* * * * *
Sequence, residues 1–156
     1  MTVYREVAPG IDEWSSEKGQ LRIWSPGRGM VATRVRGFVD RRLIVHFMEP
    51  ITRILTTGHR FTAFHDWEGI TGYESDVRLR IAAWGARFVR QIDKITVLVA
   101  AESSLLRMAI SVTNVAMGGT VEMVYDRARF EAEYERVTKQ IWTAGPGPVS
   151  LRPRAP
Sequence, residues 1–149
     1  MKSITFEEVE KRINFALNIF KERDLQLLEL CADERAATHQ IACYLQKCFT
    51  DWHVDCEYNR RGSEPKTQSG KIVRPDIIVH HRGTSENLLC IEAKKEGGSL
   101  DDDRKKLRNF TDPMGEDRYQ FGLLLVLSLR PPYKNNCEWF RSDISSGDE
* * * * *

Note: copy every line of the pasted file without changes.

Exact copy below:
Sequence, residues 1–156
     1  MTVYREVAPG IDEWSSEKGQ LRIWSPGRGM VATRVRGFVD RRLIVHFMEP
    51  ITRILTTGHR FTAFHDWEGI TGYESDVRLR IAAWGARFVR QIDKITVLVA
   101  AESSLLRMAI SVTNVAMGGT VEMVYDRARF EAEYERVTKQ IWTAGPGPVS
   151  LRPRAP
Sequence, residues 1–149
     1  MKSITFEEVE KRINFALNIF KERDLQLLEL CADERAATHQ IACYLQKCFT
    51  DWHVDCEYNR RGSEPKTQSG KIVRPDIIVH HRGTSENLLC IEAKKEGGSL
   101  DDDRKKLRNF TDPMGEDRYQ FGLLLVLSLR PPYKNNCEWF RSDISSGDE